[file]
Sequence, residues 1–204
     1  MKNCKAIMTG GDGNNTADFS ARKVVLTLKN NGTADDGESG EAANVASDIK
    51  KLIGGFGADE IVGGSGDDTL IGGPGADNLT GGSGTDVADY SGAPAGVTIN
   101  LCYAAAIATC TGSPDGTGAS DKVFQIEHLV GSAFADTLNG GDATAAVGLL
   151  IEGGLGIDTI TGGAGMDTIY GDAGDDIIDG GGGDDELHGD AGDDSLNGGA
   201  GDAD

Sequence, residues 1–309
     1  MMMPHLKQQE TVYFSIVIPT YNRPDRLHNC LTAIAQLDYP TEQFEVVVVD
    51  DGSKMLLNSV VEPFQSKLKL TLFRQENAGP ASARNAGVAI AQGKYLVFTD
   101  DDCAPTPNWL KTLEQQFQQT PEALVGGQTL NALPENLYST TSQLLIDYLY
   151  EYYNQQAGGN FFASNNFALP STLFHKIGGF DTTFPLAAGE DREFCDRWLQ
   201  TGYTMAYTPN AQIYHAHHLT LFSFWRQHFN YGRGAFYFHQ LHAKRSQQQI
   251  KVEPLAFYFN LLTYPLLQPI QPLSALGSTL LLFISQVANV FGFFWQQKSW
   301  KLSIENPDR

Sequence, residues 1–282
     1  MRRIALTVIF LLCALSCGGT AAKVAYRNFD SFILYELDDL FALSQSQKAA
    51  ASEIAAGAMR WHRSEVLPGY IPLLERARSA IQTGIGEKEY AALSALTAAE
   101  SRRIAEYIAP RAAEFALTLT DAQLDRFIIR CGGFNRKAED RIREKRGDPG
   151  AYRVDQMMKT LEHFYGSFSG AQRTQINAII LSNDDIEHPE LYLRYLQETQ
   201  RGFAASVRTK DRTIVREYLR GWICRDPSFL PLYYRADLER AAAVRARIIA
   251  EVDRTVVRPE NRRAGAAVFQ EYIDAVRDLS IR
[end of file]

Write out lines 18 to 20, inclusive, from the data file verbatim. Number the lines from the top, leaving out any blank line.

   101  SRRIAEYIAP RAAEFALTLT DAQLDRFIIR CGGFNRKAED RIREKRGDPG
   151  AYRVDQMMKT LEHFYGSFSG AQRTQINAII LSNDDIEHPE LYLRYLQETQ
   201  RGFAASVRTK DRTIVREYLR GWICRDPSFL PLYYRADLER AAAVRARIIA